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Las Vegas seen as NFL draft site by 2019, Super Bowl in 2024-25

Updated November 9, 2017 - 7:22 pm

The Oakland Raiders received an important approval that will assure the staging of a Monday groundbreaking event for the 65,000-seat, $1.9 billion domed football stadium and the team’s president told the Las Vegas Stadium Authority Thursday that Las Vegas could host an NFL draft as early as 2019 and a Super Bowl by 2024 or 2025.

Marc Badain also said he and Stadium Authority Chairman Steve Hill would be flying to Houston on Tuesday for the second round of bidding to host one or more FIFA World Cup soccer matches in 2026.

“We’ve had productive dialogue with the NFL, we had meetings a few weeks ago, and they laid out the process for the NFL draft as well as future Super Bowls,” Badain said in a stadium update at the board meeting.

“And I’ll just tell you that we had very positive feedback for the draft to be awarded for 2019 and 2020 and we have a meeting in about three weeks in Dallas to make a presentation for Las Vegas to be the host for one of those drafts and the Super Bowl for the year 2024 or 2025.”

The NFL commonly approves Super Bowl games to cities that have built new stadiums for their NFL teams.

Super Bowl cities

Over the next four years, games will be at U.S. Bank Stadium in Minneapolis, home of the Minnesota Vikings, in 2018; Mercedes Benz Stadium, home of the Falcons in Atlanta in 2019; Hard Rock Stadium, home of the Dolphins in Miami Gardens, Florida, in 2020; and the as yet unnamed stadium being built for the Los Angeles Rams and Los Angeles Chargers in Inglewood, California, in 2021.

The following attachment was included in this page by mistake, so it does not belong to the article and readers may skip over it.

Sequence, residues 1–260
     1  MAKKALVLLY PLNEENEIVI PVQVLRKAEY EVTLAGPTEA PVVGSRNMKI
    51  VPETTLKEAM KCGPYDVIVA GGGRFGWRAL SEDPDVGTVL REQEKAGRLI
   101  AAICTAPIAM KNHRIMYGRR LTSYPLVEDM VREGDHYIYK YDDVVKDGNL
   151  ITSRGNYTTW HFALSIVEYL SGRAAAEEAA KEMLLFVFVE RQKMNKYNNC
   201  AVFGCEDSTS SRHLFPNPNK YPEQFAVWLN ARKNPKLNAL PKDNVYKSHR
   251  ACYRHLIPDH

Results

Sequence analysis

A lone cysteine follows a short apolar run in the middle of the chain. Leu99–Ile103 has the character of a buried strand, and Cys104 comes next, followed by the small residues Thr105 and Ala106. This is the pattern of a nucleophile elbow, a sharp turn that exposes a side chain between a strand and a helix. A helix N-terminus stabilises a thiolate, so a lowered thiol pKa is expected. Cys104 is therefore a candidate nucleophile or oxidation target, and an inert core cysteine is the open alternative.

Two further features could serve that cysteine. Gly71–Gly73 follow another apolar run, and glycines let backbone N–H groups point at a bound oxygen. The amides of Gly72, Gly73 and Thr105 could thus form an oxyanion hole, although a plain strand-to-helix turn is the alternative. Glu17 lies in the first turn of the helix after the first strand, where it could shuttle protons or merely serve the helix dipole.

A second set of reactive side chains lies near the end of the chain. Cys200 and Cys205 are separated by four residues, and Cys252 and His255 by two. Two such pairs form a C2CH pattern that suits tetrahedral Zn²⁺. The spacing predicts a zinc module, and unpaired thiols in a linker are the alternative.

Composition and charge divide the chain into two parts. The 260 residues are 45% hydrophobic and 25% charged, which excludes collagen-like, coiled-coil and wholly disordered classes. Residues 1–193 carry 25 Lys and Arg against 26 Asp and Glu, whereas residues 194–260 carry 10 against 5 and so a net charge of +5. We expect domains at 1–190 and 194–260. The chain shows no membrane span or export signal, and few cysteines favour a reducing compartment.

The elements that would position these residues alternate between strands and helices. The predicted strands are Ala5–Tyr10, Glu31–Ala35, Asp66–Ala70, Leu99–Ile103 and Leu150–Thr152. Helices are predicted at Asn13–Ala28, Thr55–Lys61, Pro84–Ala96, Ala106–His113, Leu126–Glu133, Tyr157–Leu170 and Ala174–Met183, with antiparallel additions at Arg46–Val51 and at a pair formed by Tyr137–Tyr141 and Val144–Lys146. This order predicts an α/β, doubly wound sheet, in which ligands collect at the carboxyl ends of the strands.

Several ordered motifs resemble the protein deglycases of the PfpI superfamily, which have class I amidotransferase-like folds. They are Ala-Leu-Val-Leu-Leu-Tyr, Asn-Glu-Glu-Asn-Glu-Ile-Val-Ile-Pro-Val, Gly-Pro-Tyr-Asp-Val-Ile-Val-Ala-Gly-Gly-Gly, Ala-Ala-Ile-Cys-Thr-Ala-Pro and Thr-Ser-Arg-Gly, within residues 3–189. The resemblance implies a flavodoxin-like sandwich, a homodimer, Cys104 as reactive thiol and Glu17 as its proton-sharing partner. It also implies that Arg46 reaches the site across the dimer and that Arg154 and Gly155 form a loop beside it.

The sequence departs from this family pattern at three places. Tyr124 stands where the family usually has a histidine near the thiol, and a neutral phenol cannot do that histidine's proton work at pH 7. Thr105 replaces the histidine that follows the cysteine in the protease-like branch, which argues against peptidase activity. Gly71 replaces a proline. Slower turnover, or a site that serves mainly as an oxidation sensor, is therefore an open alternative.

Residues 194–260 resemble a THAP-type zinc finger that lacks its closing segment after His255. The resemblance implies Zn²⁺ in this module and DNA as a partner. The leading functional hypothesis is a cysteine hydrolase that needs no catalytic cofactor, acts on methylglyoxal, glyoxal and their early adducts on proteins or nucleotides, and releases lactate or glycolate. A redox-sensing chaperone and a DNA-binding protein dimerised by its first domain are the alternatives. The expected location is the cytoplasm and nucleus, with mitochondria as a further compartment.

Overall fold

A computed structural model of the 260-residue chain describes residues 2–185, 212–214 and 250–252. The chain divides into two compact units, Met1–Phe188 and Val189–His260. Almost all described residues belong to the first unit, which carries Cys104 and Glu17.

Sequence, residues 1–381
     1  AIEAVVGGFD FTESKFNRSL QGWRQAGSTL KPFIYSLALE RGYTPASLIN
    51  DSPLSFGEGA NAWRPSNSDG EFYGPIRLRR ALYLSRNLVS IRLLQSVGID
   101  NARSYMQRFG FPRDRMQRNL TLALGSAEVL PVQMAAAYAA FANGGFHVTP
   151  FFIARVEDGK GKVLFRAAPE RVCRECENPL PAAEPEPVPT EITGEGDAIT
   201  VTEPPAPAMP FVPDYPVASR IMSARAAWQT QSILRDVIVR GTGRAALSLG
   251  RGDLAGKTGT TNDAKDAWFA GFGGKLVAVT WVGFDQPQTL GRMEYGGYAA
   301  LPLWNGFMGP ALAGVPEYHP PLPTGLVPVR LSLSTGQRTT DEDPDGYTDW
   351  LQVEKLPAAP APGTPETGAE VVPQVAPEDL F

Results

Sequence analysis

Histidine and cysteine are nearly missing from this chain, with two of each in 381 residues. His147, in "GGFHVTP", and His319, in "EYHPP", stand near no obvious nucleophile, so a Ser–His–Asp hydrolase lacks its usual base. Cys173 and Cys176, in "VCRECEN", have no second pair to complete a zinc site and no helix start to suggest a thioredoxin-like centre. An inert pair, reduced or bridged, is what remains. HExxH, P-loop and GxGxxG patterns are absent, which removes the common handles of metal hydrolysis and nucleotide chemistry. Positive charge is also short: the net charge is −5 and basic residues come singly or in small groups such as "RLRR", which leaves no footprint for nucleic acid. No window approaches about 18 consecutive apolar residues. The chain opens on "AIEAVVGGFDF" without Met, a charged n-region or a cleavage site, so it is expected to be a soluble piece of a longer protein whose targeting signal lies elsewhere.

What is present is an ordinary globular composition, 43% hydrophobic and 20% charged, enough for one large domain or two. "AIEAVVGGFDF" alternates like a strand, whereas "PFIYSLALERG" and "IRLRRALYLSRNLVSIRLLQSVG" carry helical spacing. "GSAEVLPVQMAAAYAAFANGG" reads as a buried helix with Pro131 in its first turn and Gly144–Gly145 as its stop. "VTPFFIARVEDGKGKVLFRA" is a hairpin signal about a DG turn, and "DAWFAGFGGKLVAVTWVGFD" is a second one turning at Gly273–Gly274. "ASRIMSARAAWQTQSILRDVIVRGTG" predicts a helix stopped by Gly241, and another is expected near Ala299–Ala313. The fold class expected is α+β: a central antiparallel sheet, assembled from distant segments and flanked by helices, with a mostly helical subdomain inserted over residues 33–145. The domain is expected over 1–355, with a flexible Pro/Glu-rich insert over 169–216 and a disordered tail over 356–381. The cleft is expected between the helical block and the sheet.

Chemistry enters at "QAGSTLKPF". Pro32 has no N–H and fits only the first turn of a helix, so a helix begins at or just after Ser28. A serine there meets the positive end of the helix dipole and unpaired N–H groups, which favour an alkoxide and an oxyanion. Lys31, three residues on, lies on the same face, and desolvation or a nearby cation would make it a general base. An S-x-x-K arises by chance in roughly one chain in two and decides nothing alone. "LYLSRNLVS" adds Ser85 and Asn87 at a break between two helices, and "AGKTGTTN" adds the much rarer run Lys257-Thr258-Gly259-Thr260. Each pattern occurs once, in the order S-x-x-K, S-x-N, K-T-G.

Later in the meeting, the board unanimously approved an enabling work agreement that will assure the Raiders’ contracted stadium builders to be able work on 62 acres at Interstate 15 and Russell Road, including permission to undertake a groundbreaking event. The board also unanimously approved a professional services contract with Las Vegas-based Grand Canyon Development Partners to oversee compliance to the work agreement, in place until final development agreements with a guaranteed maximum price is signed.

A description of the enabling work in the contract specifically lists groundbreaking as one of the permitted uses. The Grand Canyon Development Partners contract has hourly rates with a total not to exceed $50,000 through April 30. The Stadium Authority is hopeful of having final development agreements in place by February.

Community benefits plan

One area the Raiders and the authority fell short on Thursday was completing a review of the long-debated community benefits plan, a document that spells out the Raiders and their contractors’ commitment to hiring and subcontracting with small businesses and minority groups and participating in charitable and civic endeavors.

While the Raiders and the authority made headway on several terms within the 10-page plan, they failed to agree on setting a specific percentage of minority contracts and laborers.

The law signed by Gov. Brian Sandoval in October 2016 assuring $750 million in public financing for the stadium project specifically calls for at least 15 percent of the aggregate value of construction work in the guaranteed maximum price be contracted to vetted local small business enterprises.

The plan would be overseen by an uncompensated seven-member panel with one representative from the authority, one appointee each from the governor, the State Senate majority leader and the State Assembly speaker and three appointed by the Raiders.